JUBA, South Sudan
An aid worker in South Sudan has been killed by “armed youths,” just a day after a similar incident led to the death of another humanitarian worker providing relief in the East African country, a local UN aid body said Tuesday.
The two aid workers were South Sudanese and were delivering critical nutrition services to vulnerable people affected by local conflicts and flooding, said Alain Noudehou, the UN Humanitarian Coordinator in South Sudan.
Condemning the violence, Noudehou said: “I am appalled by these repeated acts of violence against humanitarians.”
“South Sudanese aid workers are enduring difficult conditions to deliver lifesaving assistance to their fellow citizens and should be protected,” Noudehou said in a statement.
He called for the perpetrators to be identified and brought to justice. “The violence and the impunity must stop. We need safety and security of the people receiving and delivering aid.”
In a separate statement, the UN Office for the Coordination of Humanitarian Affairs (UNOCHA) said that “armed youth” had fatally shot a community mobilizer working for a South Sudanese non-governmental organization in Pigi county of the eastern Jonglei state.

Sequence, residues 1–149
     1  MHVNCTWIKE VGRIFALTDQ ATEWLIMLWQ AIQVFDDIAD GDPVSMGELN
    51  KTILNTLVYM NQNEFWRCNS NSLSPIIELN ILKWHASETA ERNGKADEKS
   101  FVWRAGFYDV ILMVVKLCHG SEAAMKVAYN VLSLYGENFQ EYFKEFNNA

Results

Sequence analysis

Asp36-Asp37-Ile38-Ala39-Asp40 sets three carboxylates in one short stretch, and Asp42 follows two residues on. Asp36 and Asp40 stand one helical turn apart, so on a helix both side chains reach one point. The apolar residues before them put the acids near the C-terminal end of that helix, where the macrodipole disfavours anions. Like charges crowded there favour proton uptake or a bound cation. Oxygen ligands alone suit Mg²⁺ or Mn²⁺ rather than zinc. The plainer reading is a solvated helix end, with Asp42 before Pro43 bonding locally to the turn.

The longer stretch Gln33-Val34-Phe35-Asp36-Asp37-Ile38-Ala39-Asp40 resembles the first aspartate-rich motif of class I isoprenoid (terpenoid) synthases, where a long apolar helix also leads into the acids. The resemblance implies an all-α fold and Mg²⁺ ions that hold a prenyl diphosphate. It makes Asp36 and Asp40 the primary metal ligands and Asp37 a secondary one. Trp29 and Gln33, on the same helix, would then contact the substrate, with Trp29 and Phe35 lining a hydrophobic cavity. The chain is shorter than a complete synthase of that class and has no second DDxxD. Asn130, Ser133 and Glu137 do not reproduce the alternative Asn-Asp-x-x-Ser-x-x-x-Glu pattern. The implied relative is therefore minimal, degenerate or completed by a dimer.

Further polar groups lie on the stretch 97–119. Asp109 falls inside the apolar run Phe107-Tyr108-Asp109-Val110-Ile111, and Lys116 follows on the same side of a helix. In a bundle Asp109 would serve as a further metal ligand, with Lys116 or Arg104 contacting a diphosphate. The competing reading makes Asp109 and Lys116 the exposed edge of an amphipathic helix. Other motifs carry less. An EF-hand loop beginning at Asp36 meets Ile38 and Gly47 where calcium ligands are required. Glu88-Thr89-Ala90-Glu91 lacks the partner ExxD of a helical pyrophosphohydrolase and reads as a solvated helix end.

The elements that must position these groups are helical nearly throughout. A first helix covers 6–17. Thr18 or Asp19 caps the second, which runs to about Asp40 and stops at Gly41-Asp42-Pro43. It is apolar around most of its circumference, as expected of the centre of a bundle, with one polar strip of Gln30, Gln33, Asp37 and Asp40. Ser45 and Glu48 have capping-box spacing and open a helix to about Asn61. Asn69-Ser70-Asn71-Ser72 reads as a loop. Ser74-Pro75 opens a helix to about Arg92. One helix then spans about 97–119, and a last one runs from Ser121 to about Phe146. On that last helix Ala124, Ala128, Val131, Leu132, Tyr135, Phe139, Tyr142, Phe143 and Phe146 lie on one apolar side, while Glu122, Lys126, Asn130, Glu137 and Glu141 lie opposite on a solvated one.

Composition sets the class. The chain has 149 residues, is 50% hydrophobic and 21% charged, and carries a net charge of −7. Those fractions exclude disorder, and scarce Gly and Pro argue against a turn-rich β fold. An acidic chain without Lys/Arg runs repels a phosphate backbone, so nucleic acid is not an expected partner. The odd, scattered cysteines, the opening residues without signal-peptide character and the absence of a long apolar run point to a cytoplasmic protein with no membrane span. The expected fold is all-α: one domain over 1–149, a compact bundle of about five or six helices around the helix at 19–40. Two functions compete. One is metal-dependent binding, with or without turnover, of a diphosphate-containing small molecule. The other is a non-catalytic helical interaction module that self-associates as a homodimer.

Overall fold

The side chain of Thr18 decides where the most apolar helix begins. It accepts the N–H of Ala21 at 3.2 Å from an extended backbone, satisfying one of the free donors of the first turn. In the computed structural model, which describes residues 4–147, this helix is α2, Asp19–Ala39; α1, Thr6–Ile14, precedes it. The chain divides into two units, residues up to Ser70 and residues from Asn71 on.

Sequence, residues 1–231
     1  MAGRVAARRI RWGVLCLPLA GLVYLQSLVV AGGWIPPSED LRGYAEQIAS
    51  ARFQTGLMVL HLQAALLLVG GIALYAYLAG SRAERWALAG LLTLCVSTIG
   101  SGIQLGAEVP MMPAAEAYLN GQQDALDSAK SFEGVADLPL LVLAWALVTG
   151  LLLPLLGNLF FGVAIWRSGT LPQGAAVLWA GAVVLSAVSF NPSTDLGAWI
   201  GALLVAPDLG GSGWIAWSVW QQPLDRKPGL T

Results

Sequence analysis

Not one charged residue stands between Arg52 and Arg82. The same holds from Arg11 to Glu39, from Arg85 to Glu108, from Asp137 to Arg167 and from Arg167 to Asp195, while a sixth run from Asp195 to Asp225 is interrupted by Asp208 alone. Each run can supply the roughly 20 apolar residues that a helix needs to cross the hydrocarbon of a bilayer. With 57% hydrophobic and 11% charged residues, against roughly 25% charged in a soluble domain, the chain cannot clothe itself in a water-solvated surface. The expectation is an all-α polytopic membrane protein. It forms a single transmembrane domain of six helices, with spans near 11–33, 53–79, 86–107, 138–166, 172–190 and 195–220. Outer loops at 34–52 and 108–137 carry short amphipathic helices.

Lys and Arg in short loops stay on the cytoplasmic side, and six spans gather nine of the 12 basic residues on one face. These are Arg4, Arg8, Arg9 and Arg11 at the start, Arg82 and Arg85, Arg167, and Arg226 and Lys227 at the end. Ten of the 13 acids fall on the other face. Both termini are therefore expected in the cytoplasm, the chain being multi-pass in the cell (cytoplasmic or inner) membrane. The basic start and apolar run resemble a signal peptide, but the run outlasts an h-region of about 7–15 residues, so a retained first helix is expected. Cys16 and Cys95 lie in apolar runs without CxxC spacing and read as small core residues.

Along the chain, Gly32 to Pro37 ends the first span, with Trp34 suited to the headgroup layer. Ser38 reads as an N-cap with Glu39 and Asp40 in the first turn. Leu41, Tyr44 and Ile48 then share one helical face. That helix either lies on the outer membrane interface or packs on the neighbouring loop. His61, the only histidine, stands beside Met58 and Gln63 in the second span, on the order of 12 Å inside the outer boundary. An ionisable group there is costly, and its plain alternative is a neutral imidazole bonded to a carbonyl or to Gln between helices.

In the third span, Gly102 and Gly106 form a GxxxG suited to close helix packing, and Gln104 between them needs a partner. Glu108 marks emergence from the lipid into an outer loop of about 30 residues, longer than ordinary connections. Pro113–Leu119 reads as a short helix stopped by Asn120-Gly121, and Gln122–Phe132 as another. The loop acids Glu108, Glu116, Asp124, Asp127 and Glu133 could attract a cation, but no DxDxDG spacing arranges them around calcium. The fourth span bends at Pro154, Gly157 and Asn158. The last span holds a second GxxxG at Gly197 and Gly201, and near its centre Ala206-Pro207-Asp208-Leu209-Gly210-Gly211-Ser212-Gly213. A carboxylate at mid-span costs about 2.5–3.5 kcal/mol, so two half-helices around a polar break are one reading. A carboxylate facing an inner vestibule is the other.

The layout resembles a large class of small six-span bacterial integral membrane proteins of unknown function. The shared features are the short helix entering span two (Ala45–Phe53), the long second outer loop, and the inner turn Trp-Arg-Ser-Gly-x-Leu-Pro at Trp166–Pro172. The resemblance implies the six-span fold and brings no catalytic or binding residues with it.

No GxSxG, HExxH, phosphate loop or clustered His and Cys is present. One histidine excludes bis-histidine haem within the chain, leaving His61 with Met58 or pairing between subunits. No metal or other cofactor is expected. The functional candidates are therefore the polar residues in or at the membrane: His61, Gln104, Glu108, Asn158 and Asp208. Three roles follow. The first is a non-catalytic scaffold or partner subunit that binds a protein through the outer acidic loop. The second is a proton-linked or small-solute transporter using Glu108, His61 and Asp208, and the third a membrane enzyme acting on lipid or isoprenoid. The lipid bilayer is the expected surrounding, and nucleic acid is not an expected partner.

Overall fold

“He was on his way from the organization’s base to a facility providing supplementary feeding and outpatient therapeutic care to malnourished children and new mothers. His colleague escaped with minor injuries,” it said, adding that humanitarian services had since been halted temporarily in the area.
The incident brings the number of humanitarian workers killed this year in South Sudan to nine — three times the 2019 total.
A total of 124 aid workers, mostly South Sudanese, were killed in the line of duty since violence broke out in the country in late 2013.
Half of all reported humanitarian access incidents in 2020 have involved violence or the threat of violence against relief workers and humanitarian assets, UNOCHA said.
Jonglei state and the greater Pibor region are among the areas most affected by ongoing flooding and food insecurity. Inter-communal and sub-national violence and attacks on aid workers have also hindered the delivery of humanitarian assistance in these areas.
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